Soon, King County Superior Court Judge Hollis Hill will issue a ruling in the unprecedented case of seven youth petitioners requesting the Washington Department of Ecology to write a carbon emissions rule that protects the atmosphere for their generation and those to come. The case has an interesting and meaningful history, which is important to understand in anticipation of the ruling. Please see the following quick reference guide to the case so far:
On behalf of several youth climate activists and working in collaboration with Plant for the Planet, Climate Change for Families and Our Children’s Trust, the Western Environmental Law Center files a petition for rulemaking with the Washington Department of Ecology. In the petition, the youths argue that under existing law, Ecology has a mandatory statutory obligation to regulate carbon dioxide emissions using best available science to protect the atmosphere as a public trust.
Ecology denies the petition, claiming that it is already taking steps to address climate change. This is despite experts within Ecology asserting publicly that the state is currently not on track to meet the modest greenhouse gas emission reductions enacted by the legislature in 2008 and that urgent action is needed now to drawdown carbon dioxide emissions to avoid catastrophic climate impacts.
Because Ecology’s decision to deny the petition does not comply with the law, the youths appeal the denial to King County Superior Court and the case is assigned to Judge Hollis R. Hill. In its answer, Ecology admits to most scientific allegations in the petition for rulemaking and recognizes that it has the legal authority to regulate carbon dioxide emissions, but argues that it has no mandatory duty to act.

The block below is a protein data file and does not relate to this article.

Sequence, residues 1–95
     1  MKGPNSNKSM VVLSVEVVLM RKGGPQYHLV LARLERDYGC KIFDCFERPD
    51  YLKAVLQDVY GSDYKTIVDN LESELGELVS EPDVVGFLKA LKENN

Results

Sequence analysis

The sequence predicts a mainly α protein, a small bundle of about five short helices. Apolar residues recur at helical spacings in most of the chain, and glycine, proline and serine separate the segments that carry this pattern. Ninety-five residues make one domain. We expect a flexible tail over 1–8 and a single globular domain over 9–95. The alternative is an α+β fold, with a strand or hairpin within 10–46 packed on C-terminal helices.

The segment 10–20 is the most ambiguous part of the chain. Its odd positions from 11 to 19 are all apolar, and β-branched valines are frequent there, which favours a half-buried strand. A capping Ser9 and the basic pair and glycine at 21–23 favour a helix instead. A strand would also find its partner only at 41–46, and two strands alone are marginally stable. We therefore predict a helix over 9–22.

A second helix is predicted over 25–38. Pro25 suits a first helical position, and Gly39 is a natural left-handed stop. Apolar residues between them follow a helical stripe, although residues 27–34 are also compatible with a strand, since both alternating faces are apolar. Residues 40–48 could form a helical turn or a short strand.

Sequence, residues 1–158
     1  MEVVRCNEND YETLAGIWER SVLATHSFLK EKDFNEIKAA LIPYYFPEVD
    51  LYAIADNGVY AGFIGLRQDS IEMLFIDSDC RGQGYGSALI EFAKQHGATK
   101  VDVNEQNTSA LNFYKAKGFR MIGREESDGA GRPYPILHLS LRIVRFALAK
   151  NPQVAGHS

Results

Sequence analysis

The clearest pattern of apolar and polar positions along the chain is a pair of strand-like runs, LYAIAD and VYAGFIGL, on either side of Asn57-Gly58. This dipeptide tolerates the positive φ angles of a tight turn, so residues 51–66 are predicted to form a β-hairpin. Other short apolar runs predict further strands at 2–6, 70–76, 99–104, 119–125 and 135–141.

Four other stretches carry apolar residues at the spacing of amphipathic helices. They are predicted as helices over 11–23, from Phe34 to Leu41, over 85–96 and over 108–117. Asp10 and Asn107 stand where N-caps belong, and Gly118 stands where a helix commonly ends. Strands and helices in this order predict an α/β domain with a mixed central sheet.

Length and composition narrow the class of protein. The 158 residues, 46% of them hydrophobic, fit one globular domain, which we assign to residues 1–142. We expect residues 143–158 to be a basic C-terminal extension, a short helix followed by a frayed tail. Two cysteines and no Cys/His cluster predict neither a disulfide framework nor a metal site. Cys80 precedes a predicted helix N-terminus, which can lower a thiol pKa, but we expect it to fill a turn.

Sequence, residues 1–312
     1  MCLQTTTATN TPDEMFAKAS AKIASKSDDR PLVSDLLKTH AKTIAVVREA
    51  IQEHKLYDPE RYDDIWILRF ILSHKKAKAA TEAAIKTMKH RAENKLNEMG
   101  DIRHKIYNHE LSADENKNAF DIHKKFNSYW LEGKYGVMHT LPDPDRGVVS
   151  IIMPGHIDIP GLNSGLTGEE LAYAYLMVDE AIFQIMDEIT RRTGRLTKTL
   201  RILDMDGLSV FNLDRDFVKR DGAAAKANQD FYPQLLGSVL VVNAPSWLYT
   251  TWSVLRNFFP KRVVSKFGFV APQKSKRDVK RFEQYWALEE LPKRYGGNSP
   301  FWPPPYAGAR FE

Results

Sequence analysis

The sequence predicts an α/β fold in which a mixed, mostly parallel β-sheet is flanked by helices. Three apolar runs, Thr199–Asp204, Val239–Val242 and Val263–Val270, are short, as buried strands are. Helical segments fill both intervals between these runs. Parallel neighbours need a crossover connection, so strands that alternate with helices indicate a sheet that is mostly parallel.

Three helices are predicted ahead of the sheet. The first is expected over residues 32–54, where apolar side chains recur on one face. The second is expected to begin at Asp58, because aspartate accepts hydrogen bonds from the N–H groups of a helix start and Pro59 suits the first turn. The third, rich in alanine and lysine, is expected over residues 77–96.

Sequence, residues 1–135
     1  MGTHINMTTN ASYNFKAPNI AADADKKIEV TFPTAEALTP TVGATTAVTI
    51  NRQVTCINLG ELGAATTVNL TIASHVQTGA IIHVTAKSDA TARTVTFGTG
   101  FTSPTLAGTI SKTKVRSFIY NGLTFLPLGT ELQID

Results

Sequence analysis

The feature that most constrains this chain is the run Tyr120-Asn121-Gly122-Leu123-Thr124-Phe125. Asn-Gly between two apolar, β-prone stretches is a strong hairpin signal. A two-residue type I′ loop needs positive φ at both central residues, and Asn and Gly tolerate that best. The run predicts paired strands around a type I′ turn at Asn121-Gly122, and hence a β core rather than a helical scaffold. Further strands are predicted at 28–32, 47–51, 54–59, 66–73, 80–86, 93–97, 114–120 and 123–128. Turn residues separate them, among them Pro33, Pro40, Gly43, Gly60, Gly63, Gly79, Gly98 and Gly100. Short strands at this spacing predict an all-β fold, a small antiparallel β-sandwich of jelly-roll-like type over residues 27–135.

After no public review or comment, Ecology issues a report, “Washington Greenhouse Gas Emission Reduction Limits,” summarizing the current climate science. In the report, Ecology acknowledges “climate change is not a far off risk. Globally, it is happening now and is worse than previously predicted, and it is forecasted to get worse. We are imposing risks on future generations (causing intergenerational inequities) and liability for the harm that will be caused by climate change that we are unable or unwilling to avoid.” Even though Ecology concludes the state’s existing greenhouse gas reductions “need to be more aggressive” and “should be adjusted to better reflect the current science,” Ecology advises the legislature not to update the greenhouse gas reductions and to wait until the international climate talks in Paris.
After briefing and oral argument, Judge Hill orders the Department of Ecology to reconsider its denial of the petition the eight youths filed with Ecology in August 2014, directing Ecology to take into account the current and best available climate science contained in Ecology’s December 2014 Report and the declaration one of the plaintiffs’ experts, Dr. Pushker Kharecha, who works with Dr. James Hansen.
On July 17, 2015, five of the youth petitioners and Attorney Andrea Rodgers meet with Gov. Inslee to discuss the case. Gov. Inslee ends the 90-minute meeting by making it clear that he is taking their requests and their lawsuit seriously, and wants to do everything he can do to reduce carbon dioxide emissions in Washington. The youths formally ask Governor Inslee to direct Ecology to promulgate a rule using their existing authority under the Washington Clean Air Act to regulate carbon dioxide emissions based on best available science.